But when are property taxes due in Iowa? Iowa property taxes are payable in one or two half installments. The first installment is due on September 1 while the second is payable by March 1. The taxes become delinquent on September 30 and March 31 respectively. If the last day of the month is a weekend or holiday, the deadline is pushed to the first business day of the following month. Property taxes that remain unpaid after Iowa property tax due dates accrue interest at a rate of 1.5% per month. Delinquent taxes can result in a "Tax Sale", a public auction in which the highest bidder takes your property.
As a homeowner, it is your responsibility to ensure you receive a tax bill and pay taxes on time. Failure to receive a tax bill doesn't exempt you from paying Iowa property taxes. If you have not received your tax bill by end of September, contact your County Treasurer. The state allows homeowners to make partial payments for current and delinquent property taxes. However, for delinquent taxes, the partial payment must exceed the late interest and any additional costs.
Iowa Property Tax Exemptions
Besides the option to appeal property taxes if wrongly assessed, the state of Iowa provides several exemptions to eligible homeowners. They include homestead and senior exemptions. Qualifying parties can potentially reduce their Iowa property tax bill. However, you are still required to comply with Iowa property tax due dates notwithstanding your eligibility.
Iowa Homestead Exemption
Iowa's version of the homestead exemption is called the Homestead Tax Credit. The exemption exempts the first $4,850 of your property's taxable value from Iowa property taxes. To be eligible, you must live in the Iowa property for 6 months of the year, be a legal resident of the state, and be residing there on July 1. However, the benefit is not automatic for Iowa homeowners and you must file to claim the credit.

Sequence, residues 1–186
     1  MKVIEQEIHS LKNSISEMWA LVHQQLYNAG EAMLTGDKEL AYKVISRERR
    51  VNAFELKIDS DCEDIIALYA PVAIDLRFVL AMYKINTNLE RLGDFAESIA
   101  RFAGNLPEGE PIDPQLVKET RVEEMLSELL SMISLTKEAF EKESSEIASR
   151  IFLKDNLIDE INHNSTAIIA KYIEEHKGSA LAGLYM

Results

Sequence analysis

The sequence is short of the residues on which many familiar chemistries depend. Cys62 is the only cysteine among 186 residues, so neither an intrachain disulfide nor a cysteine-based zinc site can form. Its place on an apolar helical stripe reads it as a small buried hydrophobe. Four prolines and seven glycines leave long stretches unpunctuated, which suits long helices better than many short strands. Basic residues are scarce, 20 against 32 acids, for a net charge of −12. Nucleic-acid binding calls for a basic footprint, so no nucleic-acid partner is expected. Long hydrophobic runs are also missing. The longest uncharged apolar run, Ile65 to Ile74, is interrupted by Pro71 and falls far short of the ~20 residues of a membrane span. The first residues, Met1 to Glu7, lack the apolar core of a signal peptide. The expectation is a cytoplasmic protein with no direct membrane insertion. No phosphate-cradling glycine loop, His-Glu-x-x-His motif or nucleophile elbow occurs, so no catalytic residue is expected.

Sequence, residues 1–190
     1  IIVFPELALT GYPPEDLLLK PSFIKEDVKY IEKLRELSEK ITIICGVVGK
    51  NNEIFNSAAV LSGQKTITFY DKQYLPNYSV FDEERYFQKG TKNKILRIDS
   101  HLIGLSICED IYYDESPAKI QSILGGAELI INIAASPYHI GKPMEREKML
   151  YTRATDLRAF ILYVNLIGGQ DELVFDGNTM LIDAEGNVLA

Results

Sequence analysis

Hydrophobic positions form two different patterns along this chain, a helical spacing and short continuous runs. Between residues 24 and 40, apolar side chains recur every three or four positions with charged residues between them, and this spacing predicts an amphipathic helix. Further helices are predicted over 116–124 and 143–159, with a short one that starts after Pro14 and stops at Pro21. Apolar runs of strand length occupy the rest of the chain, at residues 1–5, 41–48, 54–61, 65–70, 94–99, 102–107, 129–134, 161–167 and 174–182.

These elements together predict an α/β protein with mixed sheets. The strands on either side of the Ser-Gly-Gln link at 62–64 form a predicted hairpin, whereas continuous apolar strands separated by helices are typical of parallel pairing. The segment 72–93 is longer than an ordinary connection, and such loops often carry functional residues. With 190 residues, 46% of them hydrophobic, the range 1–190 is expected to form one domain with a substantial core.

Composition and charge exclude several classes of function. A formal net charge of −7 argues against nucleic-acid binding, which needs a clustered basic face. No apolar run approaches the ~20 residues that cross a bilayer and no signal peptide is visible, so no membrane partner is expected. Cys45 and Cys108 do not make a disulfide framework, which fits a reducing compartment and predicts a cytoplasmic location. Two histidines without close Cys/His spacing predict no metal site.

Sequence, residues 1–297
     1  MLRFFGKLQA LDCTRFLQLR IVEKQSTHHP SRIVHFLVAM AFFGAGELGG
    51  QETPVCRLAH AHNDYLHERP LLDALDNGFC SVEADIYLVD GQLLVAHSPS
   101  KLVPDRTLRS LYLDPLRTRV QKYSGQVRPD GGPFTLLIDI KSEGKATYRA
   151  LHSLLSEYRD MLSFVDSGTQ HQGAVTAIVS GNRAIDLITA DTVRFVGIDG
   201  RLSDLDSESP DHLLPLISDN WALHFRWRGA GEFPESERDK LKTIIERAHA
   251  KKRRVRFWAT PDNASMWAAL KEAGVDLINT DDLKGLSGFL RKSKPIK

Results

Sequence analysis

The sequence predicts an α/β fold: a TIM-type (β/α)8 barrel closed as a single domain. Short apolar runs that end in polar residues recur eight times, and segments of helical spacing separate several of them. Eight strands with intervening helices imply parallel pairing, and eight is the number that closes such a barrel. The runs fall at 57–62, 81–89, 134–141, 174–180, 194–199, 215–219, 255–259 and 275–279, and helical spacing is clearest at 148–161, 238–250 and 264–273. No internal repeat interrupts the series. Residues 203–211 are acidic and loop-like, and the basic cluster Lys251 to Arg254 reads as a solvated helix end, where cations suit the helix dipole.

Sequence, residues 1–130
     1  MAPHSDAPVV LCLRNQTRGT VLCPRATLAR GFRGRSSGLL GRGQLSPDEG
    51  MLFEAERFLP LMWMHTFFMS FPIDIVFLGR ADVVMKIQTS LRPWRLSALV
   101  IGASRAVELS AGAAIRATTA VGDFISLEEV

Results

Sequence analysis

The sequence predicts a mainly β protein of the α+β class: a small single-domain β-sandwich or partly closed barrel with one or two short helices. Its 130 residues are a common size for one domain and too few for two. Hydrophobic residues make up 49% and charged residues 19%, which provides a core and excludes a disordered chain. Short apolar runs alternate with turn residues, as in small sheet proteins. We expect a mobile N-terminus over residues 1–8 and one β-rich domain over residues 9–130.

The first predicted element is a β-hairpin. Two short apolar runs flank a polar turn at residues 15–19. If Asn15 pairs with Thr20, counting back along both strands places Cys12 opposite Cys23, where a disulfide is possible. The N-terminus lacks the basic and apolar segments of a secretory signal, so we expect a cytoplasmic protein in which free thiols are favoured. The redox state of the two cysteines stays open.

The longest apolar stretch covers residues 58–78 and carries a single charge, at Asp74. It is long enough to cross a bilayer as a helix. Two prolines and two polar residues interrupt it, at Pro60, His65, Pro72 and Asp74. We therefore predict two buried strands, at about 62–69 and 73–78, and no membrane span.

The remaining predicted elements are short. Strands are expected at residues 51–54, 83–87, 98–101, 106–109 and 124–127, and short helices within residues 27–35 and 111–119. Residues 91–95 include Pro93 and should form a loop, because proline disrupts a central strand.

Iowa Senior Citizens Exemption
The senior exemption provides tax relief for homeowners under the provisions of Iowa Code Section 425.16. To qualify, you have to be at least 65 years, use the property as your principal residence, and meet certain income limit requirements as set by the State of Iowa. Application forms for this credit can be obtained from the County Treasurer's office.
Other Iowa property tax exemptions include the Disabled Veteran's Homestead Tax Credit. This exemption encourages homeownership by disabled veterans by offering a 100% exemption from Iowa property taxes for eligible veterans. Eligibility requirements include 100% service-related disability status. Additionally, the veteran has to be 100% unemployable due to the injuries, be using the property as their principal residence, and occupy the property for at least six months. The surviving, unmarried spouse of an eligible veteran also qualifies for this exemption. More information about this and more exemptions can be found on the Iowa Department of Revenue's website.
How to Appeal Your Property Taxes in Iowa